ICHTHYAETUS HEMPRICHII - (BRUCH, 1853)
Goéland de Hemprich, Sooty Gull (en), Gabbiano di Hemprich (it), Gaviota Cejiblanca (es), Hemprichmöwe (al), Hemprichs meeuw (nl).
Le Goéland de Hemprich est une espèce d'oiseau appartenant à la famille des Laridae. Il est présent au Moyen-Orient, en Arabie et en Afrique de l'Ouest. Son nom commémore le naturaliste allemand, Wilhelm Hemprich (1796-1825), mort durant une expédition en Érythrée.
The Sooty Gull (Ichthyaetus hemprichii) is a species of gull in the Laridae family. It is found in Bahrain, Djibouti, Egypt, Eritrea, India, Iran, Israel, Jordan, Kenya, Lebanon, Maldives, Mozambique, Oman, Pakistan, Qatar, Saudi Arabia, Somalia, Sri Lanka, Sudan, Tanzania, United Arab Emirates, and Yemen. As is the case with many gulls, it has traditionally been placed in the genus Larus.
This species has a very large range, and hence does not approach the thresholds for Vulnerable under the range size criterion (Extent of Occurrence <20,000 km2 combined with a declining or fluctuating range size, habitat extent/quality, or population size and a small number of locations or severe fragmentation). Despite the fact that the population trend appears to be decreasing, the decline is not believed to be sufficiently rapid to approach the thresholds for Vulnerable under the population trend criterion (>30% decline over ten years or three generations). The population size is very large, and hence does not approach the thresholds for Vulnerable under the population size criterion (<10,000 mature individuals with a continuing decline estimated to be >10% in ten years or three generations, or with a specified population structure). For these reasons the species is evaluated as Least Concern.
Distribution and population
The Sooty Gull can be found in the Red Sea and Gulf of Aden, in the Persian Gulf and Gulf of Oman, east to south Pakistan and south to northern Kenya (Kiunga Islands).
Although Wetlands International consider the population to be increasing, the population is suspected to be in decline owing to unsustainable levels of exploitation (del Hoyo et al. 1996).
Behaviour This species is a partial migrant or nomad, most populations undergoing southern post-breeding dispersal movements, in September-November. Some populations may also be sedentary (many remain in the Red Sea area all year round). The species breeds in the Summer (usually between April and October), and usually nests colonially (e.g. in small loose colonies on the larger islands in the Gulf of Aden and Red Sea), or occasionally solitarily (e.g. in Africa) with pairs per island often amidst colonies of other species. It usually forages alone, but is highly gregarious at times. Habitat The species inhabits coasts and inshore islands and is hardly ever seen inland, or at freshwater. It is found at harbours and ports, and forages inshore, in intertidal zones, and up to 10 km beyond reefs, rarely extending up to 140 km offshore. It nests on coastal or inshore coral islands preferring smaller outer islands of old coral that are sparsely vegetated, rocky and sandy, preferably protected from the ocean by live reef. Diet Its diet consists mainly of dead fish and fishermen's offal, as well as tern eggs and chicks, the eggs of White-eyed Gull Larus leucophthalmus, turtle hatchlings, prawns and small fish. It poses a threat to other species as it is a serious local predator of eggs and chicks in colonies of other seabirds. Breeding site The nest is a scrape or depression in bare coral (Kenya), under mangrove bushes on a bed of leaves, under Suaeda bushes in loose sand (Somalia), or under low hanging coral (Red Sea), on exposed promontories. The species usually nests colonially but is more of a solitary nester in Africa, with pairs spaced as far apart as possible.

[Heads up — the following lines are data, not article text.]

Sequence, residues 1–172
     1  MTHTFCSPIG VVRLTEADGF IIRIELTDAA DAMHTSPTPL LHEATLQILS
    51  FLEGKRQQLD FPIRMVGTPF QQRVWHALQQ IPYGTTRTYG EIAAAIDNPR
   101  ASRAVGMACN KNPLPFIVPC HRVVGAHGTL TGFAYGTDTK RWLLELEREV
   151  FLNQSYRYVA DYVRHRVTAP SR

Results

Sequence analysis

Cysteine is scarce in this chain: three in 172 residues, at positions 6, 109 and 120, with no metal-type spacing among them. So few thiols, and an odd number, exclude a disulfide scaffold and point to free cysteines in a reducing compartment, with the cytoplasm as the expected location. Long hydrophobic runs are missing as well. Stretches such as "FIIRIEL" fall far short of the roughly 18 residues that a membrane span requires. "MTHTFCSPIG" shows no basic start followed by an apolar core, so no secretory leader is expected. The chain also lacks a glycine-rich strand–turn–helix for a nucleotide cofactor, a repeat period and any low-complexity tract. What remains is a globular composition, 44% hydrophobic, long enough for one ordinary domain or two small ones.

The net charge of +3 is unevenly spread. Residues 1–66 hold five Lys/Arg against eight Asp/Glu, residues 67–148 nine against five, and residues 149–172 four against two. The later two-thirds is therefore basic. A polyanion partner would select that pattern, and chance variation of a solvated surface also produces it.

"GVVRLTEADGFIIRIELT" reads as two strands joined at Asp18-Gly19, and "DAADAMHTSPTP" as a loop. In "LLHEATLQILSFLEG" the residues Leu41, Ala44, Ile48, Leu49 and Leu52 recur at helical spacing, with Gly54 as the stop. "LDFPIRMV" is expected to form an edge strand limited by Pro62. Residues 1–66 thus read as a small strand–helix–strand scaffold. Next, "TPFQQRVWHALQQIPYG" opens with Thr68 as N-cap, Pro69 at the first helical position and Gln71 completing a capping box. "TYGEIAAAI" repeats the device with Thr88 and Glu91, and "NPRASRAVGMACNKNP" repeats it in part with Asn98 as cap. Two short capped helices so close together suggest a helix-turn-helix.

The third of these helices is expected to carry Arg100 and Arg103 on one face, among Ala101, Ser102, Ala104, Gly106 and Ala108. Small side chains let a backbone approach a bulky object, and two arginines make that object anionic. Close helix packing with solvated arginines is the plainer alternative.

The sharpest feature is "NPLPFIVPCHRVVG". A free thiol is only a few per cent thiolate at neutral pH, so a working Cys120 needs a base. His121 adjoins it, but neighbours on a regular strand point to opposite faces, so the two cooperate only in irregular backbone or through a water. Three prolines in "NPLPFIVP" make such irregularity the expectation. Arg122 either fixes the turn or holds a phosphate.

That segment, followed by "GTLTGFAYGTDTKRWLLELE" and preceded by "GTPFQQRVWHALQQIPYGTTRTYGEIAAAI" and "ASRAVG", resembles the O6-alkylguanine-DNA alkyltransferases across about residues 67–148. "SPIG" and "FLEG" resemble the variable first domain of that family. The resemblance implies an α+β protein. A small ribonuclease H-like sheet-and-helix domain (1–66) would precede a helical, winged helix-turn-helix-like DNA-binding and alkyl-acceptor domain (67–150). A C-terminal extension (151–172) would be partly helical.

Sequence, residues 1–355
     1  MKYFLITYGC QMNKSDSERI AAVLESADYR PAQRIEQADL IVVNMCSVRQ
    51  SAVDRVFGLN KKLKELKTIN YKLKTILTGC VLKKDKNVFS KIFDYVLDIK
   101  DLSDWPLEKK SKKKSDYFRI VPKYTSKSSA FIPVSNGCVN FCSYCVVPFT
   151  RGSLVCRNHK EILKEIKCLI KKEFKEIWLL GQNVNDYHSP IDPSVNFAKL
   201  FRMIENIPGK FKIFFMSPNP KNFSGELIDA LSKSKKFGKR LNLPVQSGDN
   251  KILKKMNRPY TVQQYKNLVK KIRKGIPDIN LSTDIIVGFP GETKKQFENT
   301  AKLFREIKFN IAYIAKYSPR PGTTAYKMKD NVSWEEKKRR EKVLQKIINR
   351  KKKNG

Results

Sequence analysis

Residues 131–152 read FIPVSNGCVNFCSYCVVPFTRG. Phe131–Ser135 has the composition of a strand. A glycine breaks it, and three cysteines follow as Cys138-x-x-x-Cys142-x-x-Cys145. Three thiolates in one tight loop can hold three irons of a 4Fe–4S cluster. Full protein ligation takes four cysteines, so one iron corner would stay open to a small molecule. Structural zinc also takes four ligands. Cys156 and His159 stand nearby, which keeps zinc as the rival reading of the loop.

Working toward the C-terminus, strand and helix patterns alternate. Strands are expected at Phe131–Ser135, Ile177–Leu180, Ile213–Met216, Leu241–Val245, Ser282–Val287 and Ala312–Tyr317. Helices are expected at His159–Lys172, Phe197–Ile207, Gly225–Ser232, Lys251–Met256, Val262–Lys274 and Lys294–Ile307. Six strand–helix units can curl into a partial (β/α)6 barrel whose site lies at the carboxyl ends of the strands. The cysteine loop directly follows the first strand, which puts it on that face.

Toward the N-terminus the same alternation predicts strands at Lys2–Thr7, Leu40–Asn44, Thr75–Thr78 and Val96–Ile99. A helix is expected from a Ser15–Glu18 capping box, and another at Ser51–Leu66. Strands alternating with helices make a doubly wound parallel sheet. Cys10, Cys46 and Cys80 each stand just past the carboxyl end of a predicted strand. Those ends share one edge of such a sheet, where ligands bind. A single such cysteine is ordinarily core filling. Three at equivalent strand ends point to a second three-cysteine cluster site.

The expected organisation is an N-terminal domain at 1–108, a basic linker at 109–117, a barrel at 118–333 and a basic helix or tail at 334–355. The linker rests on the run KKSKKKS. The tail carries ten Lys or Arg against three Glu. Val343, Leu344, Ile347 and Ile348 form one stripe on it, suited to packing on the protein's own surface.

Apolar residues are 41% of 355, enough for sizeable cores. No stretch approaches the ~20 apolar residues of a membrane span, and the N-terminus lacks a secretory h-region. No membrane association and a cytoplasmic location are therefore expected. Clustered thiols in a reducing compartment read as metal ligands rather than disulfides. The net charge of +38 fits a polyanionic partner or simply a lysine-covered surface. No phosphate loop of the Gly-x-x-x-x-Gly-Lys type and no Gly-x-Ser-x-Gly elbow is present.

This species is threatened by oil exploration (e.g. pollution from future oil spills, future land reclamation for oil prospecting in the Gulf region, and disturbance to breeding birds from future oil drilling in Tanzania). It is also threatened by human exploitation, in particular egg collection from nesting colonies.